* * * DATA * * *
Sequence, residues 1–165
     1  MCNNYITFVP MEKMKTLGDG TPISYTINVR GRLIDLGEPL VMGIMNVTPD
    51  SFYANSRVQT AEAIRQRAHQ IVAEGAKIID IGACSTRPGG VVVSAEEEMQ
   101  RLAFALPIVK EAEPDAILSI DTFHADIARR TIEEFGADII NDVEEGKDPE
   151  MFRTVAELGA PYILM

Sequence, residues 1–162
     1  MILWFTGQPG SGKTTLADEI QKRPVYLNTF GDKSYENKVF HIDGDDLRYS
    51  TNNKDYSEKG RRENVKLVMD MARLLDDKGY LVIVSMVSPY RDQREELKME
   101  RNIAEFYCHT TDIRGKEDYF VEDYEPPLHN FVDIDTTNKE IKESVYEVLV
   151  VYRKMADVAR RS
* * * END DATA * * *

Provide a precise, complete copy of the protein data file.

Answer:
Sequence, residues 1–165
     1  MCNNYITFVP MEKMKTLGDG TPISYTINVR GRLIDLGEPL VMGIMNVTPD
    51  SFYANSRVQT AEAIRQRAHQ IVAEGAKIID IGACSTRPGG VVVSAEEEMQ
   101  RLAFALPIVK EAEPDAILSI DTFHADIARR TIEEFGADII NDVEEGKDPE
   151  MFRTVAELGA PYILM

Sequence, residues 1–162
     1  MILWFTGQPG SGKTTLADEI QKRPVYLNTF GDKSYENKVF HIDGDDLRYS
    51  TNNKDYSEKG RRENVKLVMD MARLLDDKGY LVIVSMVSPY RDQREELKME
   101  RNIAEFYCHT TDIRGKEDYF VEDYEPPLHN FVDIDTTNKE IKESVYEVLV
   151  VYRKMADVAR RS